Alex: That’s tough to pinpoint, although I think it has something to do with how fast each song gets set up hook-wise but also in terms of general atmospherics. So you get this kinda push-pull where on the one level your brain is processing both the immediacy of each song but also these interesting production choices almost unconsciously. Does that sound pretentious? Maybe, but take “The Empire Will Drain U” for example: it’s like “Age of Love” being played in a haunted spaceship, and you get that right from the jump, it doesn’t meander at all in setting itself up. That’s what the whole record is like, these very easy to “get” songs that unfold really organically as you listen to them. It’s times like this that I wish I still smoked weed, because this is the sort of album I would put on after burning one, and then stay up all night reading comics to when I was a teenager. Like say, Dead Cities to take it back to your FSOL comparison.
Speaking of Future Sound of London, how much do I love the way Fostercare uses breaks on this record? A whole bunch, that’s how much. When they get deployed against the vocal cut-ups and manipulations on “Welcome World” or in the last half of “Sleepless” it lends this really crisp, classic sensibility to both songs that tickles me just so. That’s part of the record’s appeal too, the feeling of these older electronic music tropes being seen and applied by a fresh set of hands. Like, as opposed to these artists (many of whom we like!) who do their best to replicate older sounds and styles with vintage gear, Altered Creature is much looser and more elemental, a cherry-picked assortment of different 90s sounds. Here’s something that just occurred to me: do you think there’s even a trace of witch house on this record? Like beyond, “City of God”, I don’t think anyone would ever peg it as having anything in common with it beyond the healthy doses of reverb unless they knew the history of the project already.
Bruce: As a brief aside, good call on “Age Of Love”. Apop’s Welcome To Earth was running through my head as well, but yr completely right to trace it back to the actual 90s source. Anyway, yes: “City Of God” is pretty much it for me as well as far as clear WH markers go. After being intrigued and dazzled by “Empire” I’ll admit I was a bit disappointed by “City” on my first pass through the record. I was worried that the rest of the LP might be full of the same draggy beats and drones (albeit very well-produced ones) I’d heard from Fostercare before and wouldn’t deliver on the promise of “Empire”. Clearly I needn’t have worried. Fostercare’s clearly moving forward away from the initial explosion of weirdness which birthed him and so many others, and I couldn’t be happier.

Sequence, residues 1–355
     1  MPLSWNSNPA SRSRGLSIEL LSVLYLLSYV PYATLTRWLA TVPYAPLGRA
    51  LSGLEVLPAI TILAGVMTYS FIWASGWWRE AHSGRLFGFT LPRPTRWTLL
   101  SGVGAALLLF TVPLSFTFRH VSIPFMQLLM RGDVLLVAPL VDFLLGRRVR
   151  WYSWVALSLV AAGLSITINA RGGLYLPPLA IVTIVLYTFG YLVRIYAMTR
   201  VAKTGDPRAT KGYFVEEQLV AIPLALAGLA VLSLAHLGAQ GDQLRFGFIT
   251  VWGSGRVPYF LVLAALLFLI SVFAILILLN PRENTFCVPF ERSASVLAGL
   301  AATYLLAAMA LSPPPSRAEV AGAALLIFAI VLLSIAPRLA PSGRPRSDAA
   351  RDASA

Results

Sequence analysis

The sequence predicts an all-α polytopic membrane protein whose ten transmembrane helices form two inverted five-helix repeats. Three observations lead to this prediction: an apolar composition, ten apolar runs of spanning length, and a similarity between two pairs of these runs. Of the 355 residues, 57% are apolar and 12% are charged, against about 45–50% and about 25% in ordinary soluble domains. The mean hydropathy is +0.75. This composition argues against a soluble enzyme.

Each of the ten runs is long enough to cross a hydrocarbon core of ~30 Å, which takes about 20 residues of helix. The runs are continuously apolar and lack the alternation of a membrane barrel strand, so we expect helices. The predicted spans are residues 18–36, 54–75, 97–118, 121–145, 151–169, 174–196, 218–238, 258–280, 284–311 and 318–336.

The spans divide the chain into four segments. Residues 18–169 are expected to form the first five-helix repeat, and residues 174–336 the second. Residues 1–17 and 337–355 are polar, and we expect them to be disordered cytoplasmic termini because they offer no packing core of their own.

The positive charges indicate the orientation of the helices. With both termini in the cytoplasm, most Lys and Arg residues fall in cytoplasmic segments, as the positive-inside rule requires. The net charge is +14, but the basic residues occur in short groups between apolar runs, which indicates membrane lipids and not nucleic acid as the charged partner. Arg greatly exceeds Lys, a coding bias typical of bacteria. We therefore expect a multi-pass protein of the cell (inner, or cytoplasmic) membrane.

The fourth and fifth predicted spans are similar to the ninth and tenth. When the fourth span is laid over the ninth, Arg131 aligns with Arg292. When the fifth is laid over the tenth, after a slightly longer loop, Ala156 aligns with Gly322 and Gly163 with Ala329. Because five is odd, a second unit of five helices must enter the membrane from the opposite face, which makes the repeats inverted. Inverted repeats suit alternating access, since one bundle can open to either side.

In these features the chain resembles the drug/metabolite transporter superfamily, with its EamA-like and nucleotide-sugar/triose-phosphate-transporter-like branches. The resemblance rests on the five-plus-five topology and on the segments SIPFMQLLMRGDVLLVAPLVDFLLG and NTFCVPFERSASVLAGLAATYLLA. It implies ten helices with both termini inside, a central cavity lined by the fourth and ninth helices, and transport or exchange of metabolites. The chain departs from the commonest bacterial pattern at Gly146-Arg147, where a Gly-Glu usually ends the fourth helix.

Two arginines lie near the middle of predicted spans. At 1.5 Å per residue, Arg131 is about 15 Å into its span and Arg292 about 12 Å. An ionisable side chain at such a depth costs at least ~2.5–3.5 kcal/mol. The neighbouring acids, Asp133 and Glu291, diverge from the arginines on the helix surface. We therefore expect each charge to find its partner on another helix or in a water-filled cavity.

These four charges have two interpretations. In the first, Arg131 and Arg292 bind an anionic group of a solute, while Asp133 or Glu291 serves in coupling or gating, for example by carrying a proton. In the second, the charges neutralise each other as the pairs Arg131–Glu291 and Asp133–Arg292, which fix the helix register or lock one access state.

I wonder if a few of these threads – the apparent lack of long-term promotion of Altered Creature, the DAW fluency of younger producers, and the lack of witch house in play – are in fact connected by the acceleration of mutation and evolution within musical genres. To paraphrase that old sage William Gibson, in some ways it feels as though we’re living through an experiment in musical Darwinism, designed by a bored researcher who’s keeping one thumb permanently on the fast-forward button. Without any gear or software-based barriers to impede them, producers can experiment with, refine, release, and then move on from whatever new forms and assortment of elements strike their fancy at a given moment. If you’re not interested in making another “traditional” witch house record, why would you? No one’s delusional enough to think there’s any money to be milked out of this genre by not messing with the formula simply because there was no money in it to start with. Once the record’s out there, move on to the next thing rather than resting on yr laurels, which Fostercare seems to be doing by talking up his forthcoming Eden II release rather than flogging Altered Creature. Guess that’s up to aging slowpokes like us.
Alex: It could be a jumped-up cycle of creation or it could just be Marc Andreottola’s own energy as an artist. Maybe both. If you peruse his website he has a million different things going on, self-made short films, a novel in the works, all kindsa different endeavours. I have no idea how old he actually is (I’m gonna guess mid-twenties?), but I think part of my perception of Fostercare as being this very young act is just how much and how many things he’s involved with. Who knows if his writing or his movies are anywhere as accomplished (or even comparable) to the stuff on Altered Creature, but hell, if you have a platform with nearly infinite potential on which to put this stuff out, why wouldn’t you?
All digression aside, I think half of the enjoyment of listening to this record has been digging into what releases like it signify beyond just the music contained on them. There’s so many different things to think about it, it becomes easy to attach a lot of significance or influence to it that may be totally off-base, or at worst wishful thinking on the listener’s part. I think this kind of speculation isn’t proof positive that the record is good, so much as the fact that it made us actually inspired us to think about and discuss all these ideas. That’s pretty much all I could ask for from a release like this, it’s good to be able to recommend it not only as just a fun listen but also as something with some conversational value. Good stuff, be eager to hear what his future releases sound like.